Joan Marcus
April 23, 2014 8:00 PM EDT

Now is the season of my discontent. After a last-minute flurry of Broadway openings, in advance of Thursday’s deadline for Tony nominations, I find myself with little to rave about. A few of the spring’s new musicals (Rocky, Aladdin) have had their pleasures, and several revivals have been first-rate, most recently Michael Grandage’s smashingly good production of Martin McDonagh’s The Cripple of Inishmaan, starring Daniel Radcliffe. But the crop of new plays has been notably lackluster.

I wasn’t expecting much from The Velocity of Autumn, Eric Coble’s one-act play about an elderly Brooklyn woman threatening to blow herself up in her apartment rather than get carted off to assisted living, and the play didn’t (which is to say, did) disappoint. It’s a cutesy, formulaic two-hander, essentially one long conversation between the stubborn old gal (Estelle Parsons) and her estranged son (Stephen Spinella), who has been called back from New Mexico to try to talk some sense into her.

The play hits all the familiar notes: rueful reflections on the indignities of growing old, revelations about the son’s wayward life, well-paced one-liners to keep the audience amused, and a predictably heartwarming ending. The only reason to sit through it is Estelle Parsons, who at 86 creates an admirably tough character while keeping much of the sentimentality at bay. Then again, if a beloved 86-year-old actress can’t win raves playing a feisty senior citizen threatening to ignite her apartment with Molotov cocktails, Broadway is in more trouble than I thought.

Act One held out more promise, at least for lovers of Moss Hart’s celebrated 1959 autobiography, on which James Lapine has based his affectionate, if ultimately unsatisfying play. Hart, for the uninitiated, was George S. Kaufman’s collaborator on such classic stage comedies as You Can’t Take It With You and The Man Who Came to Dinner, as well as the writer or director of several other famed Broadway shows, including My Fair Lady. Lapine’s stage adaptation takes a quick jaunt through Hart’s impoverished New York City childhood, then focuses mainly on the beginning of the Kaufman-Hart collaboration, on their 1930 comedy Once in a Lifetime.

The play paints a knowing, often amusing picture of the crazy world of Broadway collaboration, as the novice Hart must adapt to the notoriously persnickety Kaufman. Through a neat bit of casting legerdemain, Tony Shalhoub gets to play both Kaufman and Hart (the latter in his older years, narrating much of the story in flashback, while Santino Fontana plays Hart as a young man), and he brings both gravitas and, as the neurotic Kaufman, shrewd comic timing. But the play is too muted and meandering, the backstage tale lacking in either dramatic or comic tension. Twenty minutes could have been trimmed to the play’s advantage, but writer Lapine apparently had no strong director to tell him so. Probably because the director is also James Lapine.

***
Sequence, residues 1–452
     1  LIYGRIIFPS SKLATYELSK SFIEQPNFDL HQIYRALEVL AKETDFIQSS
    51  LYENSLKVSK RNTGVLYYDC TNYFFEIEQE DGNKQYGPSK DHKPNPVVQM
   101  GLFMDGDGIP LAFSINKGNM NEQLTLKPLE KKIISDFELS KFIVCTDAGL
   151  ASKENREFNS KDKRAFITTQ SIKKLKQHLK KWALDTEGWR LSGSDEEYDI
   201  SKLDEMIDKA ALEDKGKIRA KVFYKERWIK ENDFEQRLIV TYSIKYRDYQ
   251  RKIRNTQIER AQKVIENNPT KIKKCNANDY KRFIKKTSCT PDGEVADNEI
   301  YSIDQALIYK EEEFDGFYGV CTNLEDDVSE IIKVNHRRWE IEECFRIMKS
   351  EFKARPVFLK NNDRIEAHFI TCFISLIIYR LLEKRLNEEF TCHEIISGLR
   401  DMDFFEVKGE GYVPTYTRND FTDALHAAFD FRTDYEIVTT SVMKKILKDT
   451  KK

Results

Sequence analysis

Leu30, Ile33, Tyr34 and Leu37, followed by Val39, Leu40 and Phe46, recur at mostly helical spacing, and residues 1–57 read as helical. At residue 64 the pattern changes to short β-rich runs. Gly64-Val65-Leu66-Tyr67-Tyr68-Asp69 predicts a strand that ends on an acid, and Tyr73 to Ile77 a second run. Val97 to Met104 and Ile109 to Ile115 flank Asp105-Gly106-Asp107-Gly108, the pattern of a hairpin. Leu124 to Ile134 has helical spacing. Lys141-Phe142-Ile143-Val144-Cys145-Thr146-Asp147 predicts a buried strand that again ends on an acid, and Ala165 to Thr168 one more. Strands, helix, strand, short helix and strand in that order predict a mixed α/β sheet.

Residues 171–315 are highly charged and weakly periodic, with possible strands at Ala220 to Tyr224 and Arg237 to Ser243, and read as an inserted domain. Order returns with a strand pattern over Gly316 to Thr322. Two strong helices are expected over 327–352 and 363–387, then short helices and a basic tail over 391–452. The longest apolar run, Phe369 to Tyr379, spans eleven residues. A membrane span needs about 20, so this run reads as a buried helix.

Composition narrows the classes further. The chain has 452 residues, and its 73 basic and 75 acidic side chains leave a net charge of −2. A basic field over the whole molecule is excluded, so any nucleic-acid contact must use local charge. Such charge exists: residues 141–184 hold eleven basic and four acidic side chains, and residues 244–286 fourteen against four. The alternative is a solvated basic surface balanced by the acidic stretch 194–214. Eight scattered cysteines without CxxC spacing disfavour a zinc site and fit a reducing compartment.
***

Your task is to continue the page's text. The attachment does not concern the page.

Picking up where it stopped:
Harvey Fierstein’s new play Casa Valentina is an odd duck, and not just because it focuses on an obscure and puzzling subculture: a Catskills resort in the 1960s where men — heterosexual, all-American, married guys — came to relax by dressing up as women. An array of good Broadway actors, including Patrick Page, John Cullum and Tom McGowan, have a high old time as the cross-dressing family men, strutting around in heels, padded dresses and bouffant hairdos. “Here,” says one of them, “we breathe.”

But what, exactly, is the attraction? Not sexual gratification, we are assured in this straitlaced play. Nor, it appears, very much fun. Barring one brief scene in which the guests get together to do a makeover on a timid newcomer (Gabriel Ebert), these gals seem to spend most of their time sitting around a table, smoking cigarettes and congratulating themselves on being there. The play, set in 1962, doesn’t even do much with the era’s peppy pop music. In one scene, three of the guests do a karaoke rendition of the McGuire Sisters’ “Sugartime.” But their performance is purposely amateurish, and the song is barely audible on a tinny old Victrola. What — it’s 1962, and the place can’t afford a stereo system?

No, this weekend of cross-dressing hijinks quickly devolves into a series of sober, angst-ridden discussions about the survival of the financially challenged resort. One regular (Reed Birney) wants the group to organize into a sorority that would explicitly ban homosexuals. Fierstein, who created empowering drag queens in shows like La Cage aux Folles and Kinky Boots, has written another preachy plea for tolerance for the misunderstood misfits of the world: not just gays (one resort guest turns out to be a closeted homosexual, with a daughter who foams at the mouth with anti-gay prejudice), but the straight guys who are man enough to embrace their feminine side. Right on, Harvey — but after a session with these earnest drag queens, I’m booking next weekend at Grossinger’s.

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